divmod(int(word_count:=sum(len(text.split()) for text in body.values())*time_per_word), 60)

Let's not consider this assignment expression example as particularly helpful. The above turns two simple statements into a mess.

Alternative Implementation

The relationships among the mappings can be built a pure functional programming, but seems flirt with needless complexity. We can have a pair of functions to map the body.values() to some named tuple with feature values. We can use a third function to apply the model.

Something like this is an alternative that's slightly more functional.

class Features(NamedTuple):
    body: Dict[str, str]
    @property
    def word_count(self) -> int:
        return sum(len(text.split()) for text in self.body.values())
    @property
    def slide_count(self) -> int:
        return sum(1 for text in self.body.values() if len(text) > 0)
    def duration(self, time_per_word: Fraction) -> int:
        return int(self.word_count*time_per_word)

def main_2() -> None:
    time_per_word = rate()
    source = Path.cwd()
    print(f"script, slides, words, time")
    for script, body in script_iter(source):
        details = Features(body)
        m, s = divmod(details.duration(time_per_word), 60)
        print(f"{script}, {details.slide_count}, {details.word_count}, {m}:{s:02d}")

I'm not sure this is dramatically "better". It isolates some aspects of feature collection and model application. It also harbors a secret inefficiency. The two feature values should be cached to avoid recomputing them.

I'll leave the refactoring for the interested reader.

The durations over > 5:00 (300 seconds) need some rework. That's the actual useful output: the list of scripts with excessive time becomes the queue of content that needs rework.

Wednesday, December 4, 2019

Creating Palindromes -- if possible -- from a string of letters.

This can be an interesting exercise. I think it is something that can help people learn to code well. I found this in the LinkedIn Python community:  https://www.linkedin.com/groups/25827/

The Palindrome Problem:
Make a function that makes a palindrome out of the letters in a string and
returns -1 if this is not possible.
Convert a list of strings with the function.
Some test cases:

>>> palify('eedd')
'edde' (or 'deed')
>>> palify('wgerar')
>>> palify('uiuiqii')
'uiiqiiu' or several similar variants.



Let's not get too carried away. I like *some* of this problem.

I don't like the idea of Union[str, int] as a return type from this function. Yes, it's valid Python, but it seems like a code smell. Since the intent is to build lists, a None would be more sensible than a number; we'd have Optional[str] which seems better overall.

The solution that was posted was interesting. It did way too much work, but it was acceptable-looking Python. (It started with a big block comment with "#" on each line instead of a docstring, so... there were minor style problems, but otherwise, it was not bad.)

Here's what popped into my head, to act as a concrete response to the request for comments.

"""
Make a function that makes a palindrome out of the letters in a string and
returns -1 if this is not possible.
Convert a list of strings with the function.
Some test cases:

>>> palify('eedd')
'edde'
>>> palify('wgerar')
>>> palify('uiuiqii')
'uiiqiiu'
"""
from typing import Optional, Set


def palify(source: str) -> Optional[str]:
    """Core palindromic conversion."""
    singletons: Set[str] = set()
    pairs = list()
    for c in source:
        if c in singletons:
            pairs.append(c)
            singletons.remove(c)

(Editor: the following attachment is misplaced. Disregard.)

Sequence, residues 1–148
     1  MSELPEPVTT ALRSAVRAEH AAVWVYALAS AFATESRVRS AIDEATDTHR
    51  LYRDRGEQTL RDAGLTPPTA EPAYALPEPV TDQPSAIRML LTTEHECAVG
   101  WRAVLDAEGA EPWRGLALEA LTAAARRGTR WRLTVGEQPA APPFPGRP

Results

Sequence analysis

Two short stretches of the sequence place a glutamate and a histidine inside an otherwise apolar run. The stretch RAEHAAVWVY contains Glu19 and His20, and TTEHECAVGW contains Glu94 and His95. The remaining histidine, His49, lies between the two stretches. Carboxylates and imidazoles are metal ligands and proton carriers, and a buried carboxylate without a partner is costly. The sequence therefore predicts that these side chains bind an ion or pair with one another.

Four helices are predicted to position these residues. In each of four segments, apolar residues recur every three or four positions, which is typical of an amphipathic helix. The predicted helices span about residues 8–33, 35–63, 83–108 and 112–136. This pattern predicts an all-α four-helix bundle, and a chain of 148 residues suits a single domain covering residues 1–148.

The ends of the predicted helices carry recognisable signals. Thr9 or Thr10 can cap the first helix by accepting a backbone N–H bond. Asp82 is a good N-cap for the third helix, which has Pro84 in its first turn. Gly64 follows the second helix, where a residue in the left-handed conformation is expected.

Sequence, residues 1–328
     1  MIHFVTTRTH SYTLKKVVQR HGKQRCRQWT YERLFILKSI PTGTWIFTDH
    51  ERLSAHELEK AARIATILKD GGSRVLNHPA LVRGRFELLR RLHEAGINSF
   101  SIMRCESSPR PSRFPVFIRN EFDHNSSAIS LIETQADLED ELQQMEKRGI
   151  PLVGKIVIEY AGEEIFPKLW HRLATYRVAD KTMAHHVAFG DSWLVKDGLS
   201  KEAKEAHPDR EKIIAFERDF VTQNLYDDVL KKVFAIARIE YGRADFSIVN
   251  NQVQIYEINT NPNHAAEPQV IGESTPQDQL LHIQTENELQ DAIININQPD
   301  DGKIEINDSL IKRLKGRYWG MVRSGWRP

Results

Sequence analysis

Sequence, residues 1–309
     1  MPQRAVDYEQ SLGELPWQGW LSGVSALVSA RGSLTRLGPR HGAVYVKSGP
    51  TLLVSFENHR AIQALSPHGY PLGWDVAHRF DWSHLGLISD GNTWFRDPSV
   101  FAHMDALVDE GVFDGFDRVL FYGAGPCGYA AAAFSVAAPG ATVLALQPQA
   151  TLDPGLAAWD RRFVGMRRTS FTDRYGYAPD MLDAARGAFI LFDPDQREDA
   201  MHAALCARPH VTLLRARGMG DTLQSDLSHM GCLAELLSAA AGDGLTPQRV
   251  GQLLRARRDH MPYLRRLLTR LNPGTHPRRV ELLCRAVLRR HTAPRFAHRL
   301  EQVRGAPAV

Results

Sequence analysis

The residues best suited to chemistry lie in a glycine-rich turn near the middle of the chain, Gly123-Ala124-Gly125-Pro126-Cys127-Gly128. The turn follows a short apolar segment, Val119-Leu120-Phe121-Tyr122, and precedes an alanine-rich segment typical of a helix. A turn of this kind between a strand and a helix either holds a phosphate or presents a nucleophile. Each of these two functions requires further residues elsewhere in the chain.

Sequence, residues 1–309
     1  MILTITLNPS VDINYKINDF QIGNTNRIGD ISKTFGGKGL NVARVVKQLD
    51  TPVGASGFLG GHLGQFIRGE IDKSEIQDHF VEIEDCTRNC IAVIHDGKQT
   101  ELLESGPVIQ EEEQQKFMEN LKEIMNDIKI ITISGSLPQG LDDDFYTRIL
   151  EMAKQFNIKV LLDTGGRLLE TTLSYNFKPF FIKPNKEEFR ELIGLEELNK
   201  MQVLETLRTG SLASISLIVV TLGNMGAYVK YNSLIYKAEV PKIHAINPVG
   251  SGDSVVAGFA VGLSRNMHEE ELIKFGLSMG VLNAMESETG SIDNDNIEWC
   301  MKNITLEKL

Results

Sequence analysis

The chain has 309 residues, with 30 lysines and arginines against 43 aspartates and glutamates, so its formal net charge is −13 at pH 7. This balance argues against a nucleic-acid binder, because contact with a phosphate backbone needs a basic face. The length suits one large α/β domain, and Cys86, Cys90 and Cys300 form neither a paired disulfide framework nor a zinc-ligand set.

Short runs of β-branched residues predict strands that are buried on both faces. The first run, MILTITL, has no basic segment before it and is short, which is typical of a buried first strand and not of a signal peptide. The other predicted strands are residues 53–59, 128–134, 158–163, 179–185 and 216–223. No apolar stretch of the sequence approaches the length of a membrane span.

else:
            singletons.add(c)

    if pairs and len(singletons) <= 1:
        # presuming a single letter can't be palindromic.
        return ''.join(pairs+list(singletons)+pairs[::-1])
    return None

if __name__ == "__main__":
    s =  ['eedd', 'wgerar', 'uiuiqii']
    p = list(map(palify, s))
    print(f"from {s=}, we get {p=}")


The core problem statement is interesting. And the ancillary requirement is almost as interesting as the problem.

The simple-seeming "Make a palindrome out of the letters of the string" has two parts. First, there's the question of "can it even become a palindrome"? Which implies validating the source data against some set of rules. After that, we have to emit one of the many possible palindromes from the source material.

The original post had a complicated survey of the data. This was followed by an elegant way of creating a palindrome from the survey data. Since we're looking for a bunch of pairs and a singleton, I elided the more complex survey and opted to collect pairs and singletons into two separate collections.

When we've consumed the input, we will have partitioned the characters into their two pools and we can decide if the pools have the right sizes to proceed. The emission of the palindrome is a lazy assembly of the resulting data, first as a list, and then transformed to a single string.

The ancillary requirement is interesting in its own right. When a bundle of letters can't form a palindrome, that seems like a ValueError exception to me. Doing bulk transformations in the presence of ValueErrors seems wrong-ish. I already griefed about the -1 response above: it seems very bad. A None is less bad than -1. An Exception, however, seems like a more right thing to do.

Code Review Response

I think my response to the original code should be follow-up questions on why a defaultdict(int) was used to survey the data in the first place. A Counter() is a better idea, and requires less code.

The survey involved trying to locate singletons -- a laudable goal. There may have been a better approach to looking for the presence of a singleton letter in the Counter values.

More fundamentally, there are few states for each letter. There are two stark algorithmic choices: a structure keyed by letter or collections of letters. I've shown the collections, and hinted at the collection. The student response used a collection.